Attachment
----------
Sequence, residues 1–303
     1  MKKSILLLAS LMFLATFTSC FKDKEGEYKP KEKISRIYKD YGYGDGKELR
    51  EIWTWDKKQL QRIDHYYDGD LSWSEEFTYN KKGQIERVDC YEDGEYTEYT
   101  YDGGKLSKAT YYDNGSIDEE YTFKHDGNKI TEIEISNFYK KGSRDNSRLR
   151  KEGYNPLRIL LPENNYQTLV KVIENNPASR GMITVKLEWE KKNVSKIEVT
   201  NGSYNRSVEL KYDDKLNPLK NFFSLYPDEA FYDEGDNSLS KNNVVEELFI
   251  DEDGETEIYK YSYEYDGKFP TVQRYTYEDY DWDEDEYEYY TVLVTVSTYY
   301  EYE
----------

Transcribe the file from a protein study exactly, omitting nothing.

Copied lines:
Sequence, residues 1–303
     1  MKKSILLLAS LMFLATFTSC FKDKEGEYKP KEKISRIYKD YGYGDGKELR
    51  EIWTWDKKQL QRIDHYYDGD LSWSEEFTYN KKGQIERVDC YEDGEYTEYT
   101  YDGGKLSKAT YYDNGSIDEE YTFKHDGNKI TEIEISNFYK KGSRDNSRLR
   151  KEGYNPLRIL LPENNYQTLV KVIENNPASR GMITVKLEWE KKNVSKIEVT
   201  NGSYNRSVEL KYDDKLNPLK NFFSLYPDEA FYDEGDNSLS KNNVVEELFI
   251  DEDGETEIYK YSYEYDGKFP TVQRYTYEDY DWDEDEYEYY TVLVTVSTYY
   301  EYE